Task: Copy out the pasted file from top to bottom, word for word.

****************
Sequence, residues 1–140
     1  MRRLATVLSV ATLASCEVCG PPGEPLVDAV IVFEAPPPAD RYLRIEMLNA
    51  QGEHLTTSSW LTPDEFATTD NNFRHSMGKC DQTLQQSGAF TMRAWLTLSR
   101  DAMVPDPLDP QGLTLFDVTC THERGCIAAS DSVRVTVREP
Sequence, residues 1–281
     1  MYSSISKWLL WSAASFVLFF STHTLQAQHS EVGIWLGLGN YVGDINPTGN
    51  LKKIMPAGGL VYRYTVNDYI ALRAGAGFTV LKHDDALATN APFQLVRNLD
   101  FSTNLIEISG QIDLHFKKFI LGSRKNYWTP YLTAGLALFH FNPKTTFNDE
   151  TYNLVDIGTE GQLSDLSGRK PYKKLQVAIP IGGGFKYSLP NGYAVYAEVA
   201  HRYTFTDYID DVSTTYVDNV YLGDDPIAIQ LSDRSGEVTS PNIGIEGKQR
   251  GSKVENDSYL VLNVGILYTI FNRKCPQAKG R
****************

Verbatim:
Sequence, residues 1–140
     1  MRRLATVLSV ATLASCEVCG PPGEPLVDAV IVFEAPPPAD RYLRIEMLNA
    51  QGEHLTTSSW LTPDEFATTD NNFRHSMGKC DQTLQQSGAF TMRAWLTLSR
   101  DAMVPDPLDP QGLTLFDVTC THERGCIAAS DSVRVTVREP
Sequence, residues 1–281
     1  MYSSISKWLL WSAASFVLFF STHTLQAQHS EVGIWLGLGN YVGDINPTGN
    51  LKKIMPAGGL VYRYTVNDYI ALRAGAGFTV LKHDDALATN APFQLVRNLD
   101  FSTNLIEISG QIDLHFKKFI LGSRKNYWTP YLTAGLALFH FNPKTTFNDE
   151  TYNLVDIGTE GQLSDLSGRK PYKKLQVAIP IGGGFKYSLP NGYAVYAEVA
   201  HRYTFTDYID DVSTTYVDNV YLGDDPIAIQ LSDRSGEVTS PNIGIEGKQR
   251  GSKVENDSYL VLNVGILYTI FNRKCPQAKG R